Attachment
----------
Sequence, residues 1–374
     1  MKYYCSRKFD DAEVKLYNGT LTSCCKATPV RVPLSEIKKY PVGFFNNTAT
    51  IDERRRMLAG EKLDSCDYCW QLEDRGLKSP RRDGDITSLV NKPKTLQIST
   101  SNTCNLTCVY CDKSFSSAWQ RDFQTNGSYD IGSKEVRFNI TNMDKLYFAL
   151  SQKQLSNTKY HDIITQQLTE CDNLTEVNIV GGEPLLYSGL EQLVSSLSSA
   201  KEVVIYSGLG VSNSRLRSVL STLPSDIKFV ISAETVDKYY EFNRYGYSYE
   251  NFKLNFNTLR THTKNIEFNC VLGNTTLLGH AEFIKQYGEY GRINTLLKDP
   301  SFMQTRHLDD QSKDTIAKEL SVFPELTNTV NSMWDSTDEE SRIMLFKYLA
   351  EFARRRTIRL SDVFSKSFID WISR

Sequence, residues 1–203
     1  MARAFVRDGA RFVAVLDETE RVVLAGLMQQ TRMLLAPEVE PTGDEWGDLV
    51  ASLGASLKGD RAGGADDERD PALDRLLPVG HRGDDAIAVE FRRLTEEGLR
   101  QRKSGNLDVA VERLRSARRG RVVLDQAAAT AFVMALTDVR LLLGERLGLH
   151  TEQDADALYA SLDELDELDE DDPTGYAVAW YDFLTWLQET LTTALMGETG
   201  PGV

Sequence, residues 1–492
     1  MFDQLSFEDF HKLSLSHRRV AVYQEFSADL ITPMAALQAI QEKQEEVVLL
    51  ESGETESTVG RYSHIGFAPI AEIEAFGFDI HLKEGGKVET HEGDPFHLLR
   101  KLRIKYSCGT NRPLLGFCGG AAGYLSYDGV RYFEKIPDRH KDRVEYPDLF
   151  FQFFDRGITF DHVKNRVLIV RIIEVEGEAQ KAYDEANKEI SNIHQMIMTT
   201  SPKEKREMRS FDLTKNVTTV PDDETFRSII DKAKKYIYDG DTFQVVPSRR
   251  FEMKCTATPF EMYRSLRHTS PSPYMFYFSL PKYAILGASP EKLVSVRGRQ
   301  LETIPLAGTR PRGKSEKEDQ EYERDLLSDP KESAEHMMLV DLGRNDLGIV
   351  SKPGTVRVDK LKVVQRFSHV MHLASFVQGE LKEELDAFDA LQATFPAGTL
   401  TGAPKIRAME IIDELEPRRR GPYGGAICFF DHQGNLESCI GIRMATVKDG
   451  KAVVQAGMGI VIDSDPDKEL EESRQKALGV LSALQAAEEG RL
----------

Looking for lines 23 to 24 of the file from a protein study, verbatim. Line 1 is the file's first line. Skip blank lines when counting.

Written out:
   301  LETIPLAGTR PRGKSEKEDQ EYERDLLSDP KESAEHMMLV DLGRNDLGIV
   351  SKPGTVRVDK LKVVQRFSHV MHLASFVQGE LKEELDAFDA LQATFPAGTL